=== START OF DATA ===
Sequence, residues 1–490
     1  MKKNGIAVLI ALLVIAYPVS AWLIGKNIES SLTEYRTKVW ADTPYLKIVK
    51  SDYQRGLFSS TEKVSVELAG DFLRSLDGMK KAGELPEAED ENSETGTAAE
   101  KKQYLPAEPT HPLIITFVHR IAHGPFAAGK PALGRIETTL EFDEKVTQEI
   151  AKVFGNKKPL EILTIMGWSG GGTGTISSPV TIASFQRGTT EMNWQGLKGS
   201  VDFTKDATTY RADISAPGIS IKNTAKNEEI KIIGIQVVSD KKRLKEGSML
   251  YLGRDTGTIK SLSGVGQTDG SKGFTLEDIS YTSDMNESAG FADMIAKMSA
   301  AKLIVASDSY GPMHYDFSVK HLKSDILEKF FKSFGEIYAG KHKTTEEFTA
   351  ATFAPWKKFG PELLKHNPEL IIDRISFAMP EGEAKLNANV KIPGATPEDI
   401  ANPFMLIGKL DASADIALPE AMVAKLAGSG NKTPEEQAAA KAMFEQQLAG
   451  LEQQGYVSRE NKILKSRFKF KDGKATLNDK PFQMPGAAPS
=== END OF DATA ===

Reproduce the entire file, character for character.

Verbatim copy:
Sequence, residues 1–490
     1  MKKNGIAVLI ALLVIAYPVS AWLIGKNIES SLTEYRTKVW ADTPYLKIVK
    51  SDYQRGLFSS TEKVSVELAG DFLRSLDGMK KAGELPEAED ENSETGTAAE
   101  KKQYLPAEPT HPLIITFVHR IAHGPFAAGK PALGRIETTL EFDEKVTQEI
   151  AKVFGNKKPL EILTIMGWSG GGTGTISSPV TIASFQRGTT EMNWQGLKGS
   201  VDFTKDATTY RADISAPGIS IKNTAKNEEI KIIGIQVVSD KKRLKEGSML
   251  YLGRDTGTIK SLSGVGQTDG SKGFTLEDIS YTSDMNESAG FADMIAKMSA
   301  AKLIVASDSY GPMHYDFSVK HLKSDILEKF FKSFGEIYAG KHKTTEEFTA
   351  ATFAPWKKFG PELLKHNPEL IIDRISFAMP EGEAKLNANV KIPGATPEDI
   401  ANPFMLIGKL DASADIALPE AMVAKLAGSG NKTPEEQAAA KAMFEQQLAG
   451  LEQQGYVSRE NKILKSRFKF KDGKATLNDK PFQMPGAAPS